RACHEL MARTIN, HOST:
In another twist in the debate over DACA, a federal judge in California has issued an order that the Trump administration needs to keep DACA protections in place. These are so - for the so-called DREAMers. DACA is the Obama-era program protecting the status of these young people who were brought into this country illegally. That surprise ruling came just hours after President Trump convened a meeting with Republicans and Democrats yesterday at the White House, trying to broker a deal on immigration. They talked about issues that have long divided lawmakers, not just DACA, but how to reform legal immigration and how to boost border security.
(SOUNDBITE OF ARCHIVED RECORDING)
PRESIDENT DONALD TRUMP: So I'm appealing to everyone in the room to put the country before party, and to sit down, and negotiate and to compromise. And let's see if we can get something done.
MARTIN: There's a timeline for this. Lawmakers have just nine days to reach a deal before the government shuts down. Henry Cuellar is a Democratic congressman from Texas. He represents a district that runs along the border with Mexico. He was at that meeting yesterday at the White House, and he is with us now.
Congressman, thanks so much for being with us.
HENRY CUELLAR: Thank you. And it's a pleasure being with you.
MARTIN: I want to ask you first about this new ruling by a federal judge in California saying DACA protections have to be reinstated. How does this change the debate, if at all?
CUELLAR: Well, I think the court ruling, from what I heard was it's reinstated till the legal proceedings are finished, so it gives us a little bit of time. It might be beyond March 5, but we in the Congress - we're going to be looking like if the deadline is on March 5.
MARTIN: March 5 is the deadline that President Trump established for Congress to come up with some kind of agreement. There's also this other deadline now - the government getting a spending bill through. That's the deadline we're talking about in nine days. Are you any clearer on the president's position on immigration coming out of that meeting than you were going into it?
CUELLAR: Well, in many ways, the president said yes to different people in the room. But the bottom line is, he at the end said that if there is something that we're able to work out, that we will - he would go ahead and sign it. So that allows us to narrow it down to four issues - one, DACA; two, border security. And the press and the Republicans kept saying the wall as a second item, and I kept saying, no, border security - border security, which is different.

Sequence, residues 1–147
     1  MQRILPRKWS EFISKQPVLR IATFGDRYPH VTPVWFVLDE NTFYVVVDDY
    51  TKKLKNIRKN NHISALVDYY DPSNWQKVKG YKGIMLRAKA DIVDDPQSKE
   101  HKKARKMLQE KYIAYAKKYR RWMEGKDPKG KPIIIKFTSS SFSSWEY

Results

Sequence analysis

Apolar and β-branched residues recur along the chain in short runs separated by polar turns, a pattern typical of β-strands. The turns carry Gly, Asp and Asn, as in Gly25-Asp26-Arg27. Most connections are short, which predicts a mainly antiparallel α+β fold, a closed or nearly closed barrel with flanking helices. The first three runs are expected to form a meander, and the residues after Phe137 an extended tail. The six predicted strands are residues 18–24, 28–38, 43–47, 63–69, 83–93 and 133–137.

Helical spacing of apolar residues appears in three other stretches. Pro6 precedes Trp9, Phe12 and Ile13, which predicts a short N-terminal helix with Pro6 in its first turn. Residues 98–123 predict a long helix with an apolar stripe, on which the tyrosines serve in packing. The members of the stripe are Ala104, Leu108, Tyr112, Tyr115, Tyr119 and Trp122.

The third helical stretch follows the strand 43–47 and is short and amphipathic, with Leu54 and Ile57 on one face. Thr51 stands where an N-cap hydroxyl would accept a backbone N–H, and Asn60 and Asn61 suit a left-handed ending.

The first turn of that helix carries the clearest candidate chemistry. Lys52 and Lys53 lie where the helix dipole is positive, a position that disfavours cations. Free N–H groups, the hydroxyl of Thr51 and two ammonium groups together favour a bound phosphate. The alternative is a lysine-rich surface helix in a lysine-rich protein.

And then, of course, the No. 3, No. 4 was what we call chain migration. How many people can a person - let's say that DACA - you have a DACA recipients. How many people can he bring in? Is it the immediate family or is it the grandparents? Is it somebody else beyond that? So that's what we mean by chain migration.
And the last, No. 4 - the fourth issue is what we call diversity, or lottery, visas. There're about 50,000 of those that are allowed to bring in people from countries that usually don't come into the United States, so we decided to narrow it down into phase one, which are those four items. And then the president said, hey, let's do comprehensive immigration reform, which I think took the Republicans that were sitting there by - off guard, as a phase two or longer progress.
MARTIN: So you just outlined a lot there. I want to unpack some of this because you raised this question that was central to the conversation yesterday. Does - what does border security mean? I mean, does that mean that a solution to DACA can't go forward unless the president gets approval for the wall?
MARTIN: Are these two linked?
CUELLAR: It depends. Well, the president and the Republicans want to link - they're saying DACA and the wall. What we're saying - well, they're - some Democrats are saying just a clean bill on DACA without border security, the wall. With all due respect to my Democratic friends, it's not going to happen. We got to have DACA and some sensible border security.
The problem is that the Republican and the presidents (ph) equate border security to the wall. And if you notice, I had a little discussion with the president and with the secretary of Homeland on my position about the wall because the wall - it's - you know, GAO did a report on it, and between the years of 2010, 2015, it got breached - the wall that we know of, the GAO knows about - got breached 9,300 times.
CUELLAR: That means people were able to get over it. And the final thing is, I said - and if you see the interaction I had with the president and the Homeland secretary, I said, look, your own border patrol chief and the other border patrol chiefs have said that a wall will buy you maybe a few minutes or sometimes even a few seconds, so are you going to spend billions of dollars to slow down somebody for a couple minutes? I don't think so.
MARTIN: So you think that there has to be some border security linked to DACA, not necessarily a wall. But let me ask you in closing, do you think this White House has a chance of succeeding where so many others have failed when it comes to passing comprehensive immigration reform?
CUELLAR: Well, first, we're going to focus on a narrow topic called DACA. The other issue is going to be phase two, which is more complicated. The last time we had it was between a Republican president and Democrat Congress. And if you look at the history of immigration reform in the United States, it's got to be bipartisan.
MARTIN: But you're convinced that DACA will happen.
CUELLAR: ...So it's been since Ronald Reagan.
MARTIN: You're convinced DACA will happen.
CUELLAR: I feel optimistic that we could reach an agreement.
MARTIN: Henry Cuellar is a Democratic congressman from Texas. Thanks so much for your time this morning.
CUELLAR: Thank you. Thank you so much. Transcript provided by NPR, Copyright NPR.